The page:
Did you put off your cottage painting jobs all summer? Good news: you don’t necessarily need to wait until next year to tackle them. Fall can be one of the best seasons for painting and staining, even exteriors or outdoor projects. Time the work just right—the weather must cooperate—and you’ll cross a job off your spring to-do list months early!
*Watch the forecast, and pick a warm, dry week. You’ll need two rain-free days before painting.
*Most paints and stains won’t adhere properly unless the temperature is at least 10°C, but check product labels.
*The sun is your friend. Schedule the work during the sunniest hours of the day, usually between 10 a.m. and 3 p.m.
*Allow for extra drying time between coats. The cooler the temperature, the slower the product will dry.
*Even if your painting surface doesn’t look wet, wipe it down with a rag right before you start applying your first coat. Minute, almost invisible amounts of moisture can settle on exterior surfaces overnight.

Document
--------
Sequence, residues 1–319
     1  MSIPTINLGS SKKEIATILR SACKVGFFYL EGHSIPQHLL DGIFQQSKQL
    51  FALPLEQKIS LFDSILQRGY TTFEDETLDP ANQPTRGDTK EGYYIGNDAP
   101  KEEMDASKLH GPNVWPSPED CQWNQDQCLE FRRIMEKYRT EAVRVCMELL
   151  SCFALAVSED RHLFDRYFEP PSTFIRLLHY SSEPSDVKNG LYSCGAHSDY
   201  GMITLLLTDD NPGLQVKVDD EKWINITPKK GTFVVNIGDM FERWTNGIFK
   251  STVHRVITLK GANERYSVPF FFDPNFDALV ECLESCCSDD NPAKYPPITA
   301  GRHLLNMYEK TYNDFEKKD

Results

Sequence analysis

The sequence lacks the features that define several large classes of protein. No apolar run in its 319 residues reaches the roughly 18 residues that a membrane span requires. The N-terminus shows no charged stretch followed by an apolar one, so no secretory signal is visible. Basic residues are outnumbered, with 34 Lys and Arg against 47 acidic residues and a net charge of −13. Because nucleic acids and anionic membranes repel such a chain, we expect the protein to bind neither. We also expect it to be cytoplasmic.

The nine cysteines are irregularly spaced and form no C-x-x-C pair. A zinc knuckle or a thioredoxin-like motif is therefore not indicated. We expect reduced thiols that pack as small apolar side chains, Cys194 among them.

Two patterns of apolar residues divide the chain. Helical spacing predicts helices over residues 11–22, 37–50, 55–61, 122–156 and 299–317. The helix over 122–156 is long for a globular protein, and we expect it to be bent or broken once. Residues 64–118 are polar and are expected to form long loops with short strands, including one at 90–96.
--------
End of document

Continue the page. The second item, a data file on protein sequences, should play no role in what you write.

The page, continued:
*Don’t paint if it’s windy, dusty, foggy, or—obviously—raining.
*Painting inside? If your cottage is prone to moisture and mould problems, it could be that you have high indoor humidity, even in the shoulder seasons. And that can interfere with painting: ideal relative humidity for painting is 40 to 70 per cent. (You can monitor it with a hygrometer.)
*Assuming your cottage is winterized, you can paint inside no matter how cold it gets outside—but if you’re painting the walls, keep in mind that they’ll likely be colder than the temperature in the room. Turning up the heat before, during, and after painting can help raise the surface temperature of the walls.
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